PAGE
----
The hardy few in an otherwise empty Gillette Stadium fits, somehow. - Mark L. Baer-US PRESSWIRE
The next round of our sponsor's sweepstakes.
A few weeks ago, I solicited comments in the first round of this sweepstakes, asking members of The Crimson Quarry to post comments about their IU fandom. The winner of that first round, as selected by me, was LoneStarHoosier. This post will become the Crimson Quarry's entry in the overall sweepstakes. If the judges select LSH as the overall winner, then she will win a trip to the college football game of her choice. Below is an exchange that she and I had about IU football fandom over the past few days:
CQ: You talked quite a bit in your entry about how you became a devoted Hoosier fan and described, in all too familiar detail, the downside of being an IU football fan. Why don't you tell us a bit about your favorite moment or moments as an IU fan.
LSH: Probably the game that springs most readily to mind is the 2007 Bucket game that punched IU's ticket to the Insight Bowl. I was actually there with a friend and got to be among the hundreds(?) to storm the field after the clock wound down. I somehow managed to get from Section 32 through two tunnels down the stairs over the rail and onto the field in about 30 seconds, an athletic achievement I have not equalled since then. Once I got to the field, the first player I saw was cornerback Chris Philips, who adopted what we would now recognize as a Clay Matthews post-sack celebration stance, and screamed at me as I ran at him at full speed and tackled him with a bear hug. I had a bruise on my chin from the impact with his pads for the following two weeks.
My friend was even luckier. She somehow managed to get into the throng of players and students and got a picture holding the Bucket.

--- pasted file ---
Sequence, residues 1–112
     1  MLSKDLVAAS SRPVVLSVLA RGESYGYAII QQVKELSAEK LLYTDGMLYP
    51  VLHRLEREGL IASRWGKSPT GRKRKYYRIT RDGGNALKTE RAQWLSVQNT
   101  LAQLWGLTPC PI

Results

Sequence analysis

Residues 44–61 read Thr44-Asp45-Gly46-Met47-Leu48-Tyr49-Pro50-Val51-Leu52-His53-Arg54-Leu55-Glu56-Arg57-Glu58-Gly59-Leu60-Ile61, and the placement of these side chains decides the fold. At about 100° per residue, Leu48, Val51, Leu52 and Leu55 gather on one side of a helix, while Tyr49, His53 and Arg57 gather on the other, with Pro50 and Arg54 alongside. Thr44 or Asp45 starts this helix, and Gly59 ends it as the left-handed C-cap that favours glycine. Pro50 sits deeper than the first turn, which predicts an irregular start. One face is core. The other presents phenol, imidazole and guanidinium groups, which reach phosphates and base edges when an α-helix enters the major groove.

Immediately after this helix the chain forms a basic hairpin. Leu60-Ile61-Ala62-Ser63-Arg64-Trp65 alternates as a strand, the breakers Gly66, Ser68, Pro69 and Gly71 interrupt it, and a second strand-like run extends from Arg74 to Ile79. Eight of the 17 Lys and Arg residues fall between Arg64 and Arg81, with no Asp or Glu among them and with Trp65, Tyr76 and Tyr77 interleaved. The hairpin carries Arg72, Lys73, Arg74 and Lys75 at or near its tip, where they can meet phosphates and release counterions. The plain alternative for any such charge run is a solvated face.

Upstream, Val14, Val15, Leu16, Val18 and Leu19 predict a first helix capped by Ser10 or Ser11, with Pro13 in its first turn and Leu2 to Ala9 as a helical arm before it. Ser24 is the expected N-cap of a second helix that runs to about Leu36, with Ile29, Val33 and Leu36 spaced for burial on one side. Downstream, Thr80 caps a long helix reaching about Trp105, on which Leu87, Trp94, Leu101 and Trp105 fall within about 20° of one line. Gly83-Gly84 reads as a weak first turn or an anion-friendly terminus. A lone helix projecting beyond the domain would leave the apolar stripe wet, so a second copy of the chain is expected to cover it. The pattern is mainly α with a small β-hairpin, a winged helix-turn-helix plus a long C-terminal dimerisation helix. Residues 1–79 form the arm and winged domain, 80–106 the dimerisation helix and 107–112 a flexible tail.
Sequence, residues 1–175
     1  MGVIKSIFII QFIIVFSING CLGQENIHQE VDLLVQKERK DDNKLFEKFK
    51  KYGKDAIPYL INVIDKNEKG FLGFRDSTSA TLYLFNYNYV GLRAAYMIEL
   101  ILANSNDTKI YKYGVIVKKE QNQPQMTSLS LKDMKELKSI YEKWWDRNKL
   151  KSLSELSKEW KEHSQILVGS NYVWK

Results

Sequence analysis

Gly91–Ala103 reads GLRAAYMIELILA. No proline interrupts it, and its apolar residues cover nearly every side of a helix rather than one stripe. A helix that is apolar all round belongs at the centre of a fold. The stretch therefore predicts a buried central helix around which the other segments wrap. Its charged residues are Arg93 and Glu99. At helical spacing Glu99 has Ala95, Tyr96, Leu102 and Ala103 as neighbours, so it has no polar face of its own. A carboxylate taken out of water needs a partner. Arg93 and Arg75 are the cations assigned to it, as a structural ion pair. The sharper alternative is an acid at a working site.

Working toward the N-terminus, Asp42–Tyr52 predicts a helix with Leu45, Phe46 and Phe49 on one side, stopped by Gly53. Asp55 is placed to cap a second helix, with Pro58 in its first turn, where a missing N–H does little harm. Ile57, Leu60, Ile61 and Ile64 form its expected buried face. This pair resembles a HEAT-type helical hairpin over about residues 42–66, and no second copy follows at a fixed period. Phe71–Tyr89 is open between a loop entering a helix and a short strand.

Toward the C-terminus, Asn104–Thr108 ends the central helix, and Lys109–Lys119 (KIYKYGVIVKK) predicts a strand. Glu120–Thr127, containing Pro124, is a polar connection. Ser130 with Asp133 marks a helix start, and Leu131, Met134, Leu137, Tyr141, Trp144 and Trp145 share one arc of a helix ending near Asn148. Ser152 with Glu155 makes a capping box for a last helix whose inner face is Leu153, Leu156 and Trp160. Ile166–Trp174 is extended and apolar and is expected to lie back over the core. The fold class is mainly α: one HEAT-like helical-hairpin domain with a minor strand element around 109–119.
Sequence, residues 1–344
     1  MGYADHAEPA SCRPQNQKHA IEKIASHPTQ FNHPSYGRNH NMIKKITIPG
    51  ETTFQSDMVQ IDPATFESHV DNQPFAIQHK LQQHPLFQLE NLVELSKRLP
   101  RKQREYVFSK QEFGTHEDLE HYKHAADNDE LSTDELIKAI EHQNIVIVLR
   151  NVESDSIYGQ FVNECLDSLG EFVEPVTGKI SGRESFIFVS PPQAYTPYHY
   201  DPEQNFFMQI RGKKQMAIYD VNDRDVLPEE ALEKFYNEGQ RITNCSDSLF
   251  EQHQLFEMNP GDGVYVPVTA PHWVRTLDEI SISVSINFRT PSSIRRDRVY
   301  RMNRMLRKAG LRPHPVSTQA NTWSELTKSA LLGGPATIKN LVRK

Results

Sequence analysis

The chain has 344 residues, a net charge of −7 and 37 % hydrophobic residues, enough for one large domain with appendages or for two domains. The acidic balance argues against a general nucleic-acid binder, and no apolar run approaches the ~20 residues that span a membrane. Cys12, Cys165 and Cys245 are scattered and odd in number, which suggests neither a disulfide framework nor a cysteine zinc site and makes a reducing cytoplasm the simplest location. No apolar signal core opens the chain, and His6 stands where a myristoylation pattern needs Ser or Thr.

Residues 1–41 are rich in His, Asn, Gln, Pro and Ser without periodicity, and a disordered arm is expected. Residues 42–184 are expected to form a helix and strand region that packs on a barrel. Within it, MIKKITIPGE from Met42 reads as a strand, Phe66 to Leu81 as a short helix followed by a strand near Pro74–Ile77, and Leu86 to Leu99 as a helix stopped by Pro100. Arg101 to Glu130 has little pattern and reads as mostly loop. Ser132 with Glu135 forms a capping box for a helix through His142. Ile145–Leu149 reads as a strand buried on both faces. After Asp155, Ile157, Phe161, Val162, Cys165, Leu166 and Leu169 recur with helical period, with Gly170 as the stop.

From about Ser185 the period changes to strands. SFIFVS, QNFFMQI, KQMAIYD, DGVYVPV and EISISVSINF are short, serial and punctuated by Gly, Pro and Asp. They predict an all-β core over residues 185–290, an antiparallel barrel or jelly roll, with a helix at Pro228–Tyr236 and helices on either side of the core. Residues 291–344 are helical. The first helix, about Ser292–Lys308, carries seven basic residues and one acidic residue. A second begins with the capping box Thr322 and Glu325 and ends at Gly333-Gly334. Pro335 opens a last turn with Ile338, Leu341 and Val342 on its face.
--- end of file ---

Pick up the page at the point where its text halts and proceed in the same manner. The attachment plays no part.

My memory of that game (and the field goal in particular) is a strange composite of my vantage in the stands and the youtube footage of the broadcast: Austin Starr, prepping for his kick against the backdrop of the North End Zone still under construction, its doors and staircases framed in concrete but leading nowhere yet. Here's the video of the kick: I can't help but compare that video to this one and this moment: These were taken at the time as pivotal moments of ascendancy for the respective football and basketball programs, but it makes me sad now to consider how different the futures played out after each. Watford's shot is far more recent and the fruit is still ripening, you might say. Starr's kick, however, has come and gone and took with it all the promise of that moment. That field goal was the first part of Hep's dream for the program, and almost as soon as the clocks rolled to zeros, the dream began falling apart. IU lost to OK State by 16, seemingly just happy to be there. In the following years of the Lynch era, IU went 19-30.
CQ: It's interesting, the 2007 Bucket game was an important win for the program, but it's a game that I really can't bring myself to watch. I still can't believe we nearly blew a 24-3 second half lead at home to a middling Purdue team with our first bowl bid in 14 years on the line. As I sat up near the pressbox that day, rocking back and forth like a mental patient with the score 24-24, I already was horrified by my behavior at the postgame tailgate party and we hadn't even blown the game yet. And we didn't, for once, thankfully. Since the topic is Indiana football, I have to ask about low moments. Have there been any times that you were completely hopeless and wondering if you should go on? For me, two of the roughest moments were the first quarter and a half of the 2006 Illinois game, when the Hoosiers were completely pantsed and which inspired Terry Hoeppner's famous sideline rant. The second was just this season, the collapse against Navy. In each instance, the Hoosiers came back (in 2006, IU came back against Illinois and beat Iowa the next week, and in 2012, wins against the same teams in the same order), but it was pretty grim for a while. Any comparable moments for you?